Putin’s Russia might indeed have certain interests in the weakening or altering of the EU and the Western world in its current form, but if it has gained the power to be the sole perpetrator then we should admit defeat and declare it the world’s new superpower. Maybe our ruling elites do not like the shift of power in our countries, which is after all, the result of decades of mistakes, negligence and corruption by their part and so now they seek to turn the tide again in their favour, by scapegoating the Russians; as they have done so many times before during the Cold War.

Perhaps if we want to find a more serious threat, we should start looking within our union and of course, to the other side of the Atlantic. Trump’s recent stance towards Europe shows clearly a shift in America’s interests towards our continent and this cannot be blamed on Russia. Donald Trump might be very bad news for the environment, our liberal societies, immigration, world trade and globalisation in its current form. But Trump grabbed the opportunity to rule, because of the mistakes that America’s former governments have committed. He sticks to his electoral promises and pushes for a new world order, one that serves the interests of those who he represents. And no, these are not necessarily the ordinary Americans.

Now many in the US and Europe might not agree and fear the changes that are about to come, as they will either personally lose out, or they truly wish to maintain the current world status. Thus they are counter attacking with linking Trump to treason, espionage, Putin, or the Russian “trolls” and oligarchs. But Donald Trump and Vladimir Putin won’t be always leaders of their nations, yet the damage that this stance will do to our continent will last longer than their service as presidents.

Those who promote this Russo-phobia, are contributing to the enfeebling image of Europe and America, while portraying it as one region of turmoil, crisis, weakness and lesser importance to the world. The beast fights harder when it knows is about to die, so maybe the West’s obsessive hysteria with scapegoating and fighting foreign enemies, shows a deep insecurity, decline and weakness. Instead, Europe should continue reaching out to the rest of the world, seeking bettering relations with other blocks and emerging nations and yes, even Russia. The best answer to those who want to undermine the EU-either from outside or within-would be to continuously work together as a group of nations, leading by example and engaging with all countries, friendly or not so.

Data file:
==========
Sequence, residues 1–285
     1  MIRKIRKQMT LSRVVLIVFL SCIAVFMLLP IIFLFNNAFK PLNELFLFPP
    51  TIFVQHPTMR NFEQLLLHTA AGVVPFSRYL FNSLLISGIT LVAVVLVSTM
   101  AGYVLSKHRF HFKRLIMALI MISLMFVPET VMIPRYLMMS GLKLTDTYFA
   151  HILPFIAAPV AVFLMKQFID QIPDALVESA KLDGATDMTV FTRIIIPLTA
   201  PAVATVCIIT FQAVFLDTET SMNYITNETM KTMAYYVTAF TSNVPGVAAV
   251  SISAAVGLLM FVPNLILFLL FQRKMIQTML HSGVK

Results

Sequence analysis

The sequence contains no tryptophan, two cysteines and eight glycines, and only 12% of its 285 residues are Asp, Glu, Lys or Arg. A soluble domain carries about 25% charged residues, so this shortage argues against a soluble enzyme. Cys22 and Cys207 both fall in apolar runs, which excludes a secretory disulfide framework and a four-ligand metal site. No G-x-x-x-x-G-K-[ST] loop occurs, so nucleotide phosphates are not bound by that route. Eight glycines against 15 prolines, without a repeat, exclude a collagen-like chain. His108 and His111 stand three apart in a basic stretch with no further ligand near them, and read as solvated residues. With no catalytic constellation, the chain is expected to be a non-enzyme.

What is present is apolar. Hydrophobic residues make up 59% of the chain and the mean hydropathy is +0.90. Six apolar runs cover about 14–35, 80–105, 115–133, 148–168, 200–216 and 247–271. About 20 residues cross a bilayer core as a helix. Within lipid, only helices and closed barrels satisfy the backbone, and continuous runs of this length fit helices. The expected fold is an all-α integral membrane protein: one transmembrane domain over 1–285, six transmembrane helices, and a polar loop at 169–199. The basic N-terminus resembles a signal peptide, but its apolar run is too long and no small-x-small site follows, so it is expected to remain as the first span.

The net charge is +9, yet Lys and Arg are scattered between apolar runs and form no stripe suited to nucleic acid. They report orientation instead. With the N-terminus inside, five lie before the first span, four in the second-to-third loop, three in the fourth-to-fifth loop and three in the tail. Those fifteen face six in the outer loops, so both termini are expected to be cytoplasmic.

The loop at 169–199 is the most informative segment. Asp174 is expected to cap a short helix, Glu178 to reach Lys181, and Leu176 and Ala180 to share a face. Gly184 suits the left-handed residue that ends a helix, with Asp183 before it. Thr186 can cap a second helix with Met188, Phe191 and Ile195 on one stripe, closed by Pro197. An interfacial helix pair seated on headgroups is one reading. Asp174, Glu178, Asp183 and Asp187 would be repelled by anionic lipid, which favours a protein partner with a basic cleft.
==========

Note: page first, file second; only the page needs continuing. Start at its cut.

Besides, Trump and Putin’s plans for Europe could in fact turn out to be to our benefit. If they continue to pressure on, our continent might just be forced to come out of America’s shadow even more united out of necessity, becoming itself a political power, not just a trade and financial one. We only have to start believing it ourselves.

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Categories: Uncategorized

1 reply »

  1. It is an interesting point of view and one I feel I agree with to a great extent. Firstly, we always need heroes and villains. Now we have two villains but we, the EU, do not appear to be acting like the hero or good guy and nobody else is. So there is the traditional ‘blame game’ going on and Russia is by far the easiest target and the heir to the Soviet Union’s status as the villain. Sure, I think Putin is having immense fun with his status and making Russia appear to have muscles like his own, but he is a man in his 60s and not immortal. It will not last. Trump has just got going with just over a year and a half holding the reins of the USA horse. His mouth takes us to new places each time he uses it, but the powers that be behind him are clearly appreciating what he is doing for US exceptionalism, which has been the case since WW1 but built on after WW2 and getting out of hand by the year. Europe now needs to snatch the incentive and tell Russia and the USA to go to the playground together to play because we have important things to do, just as grown ups do to irritating small children.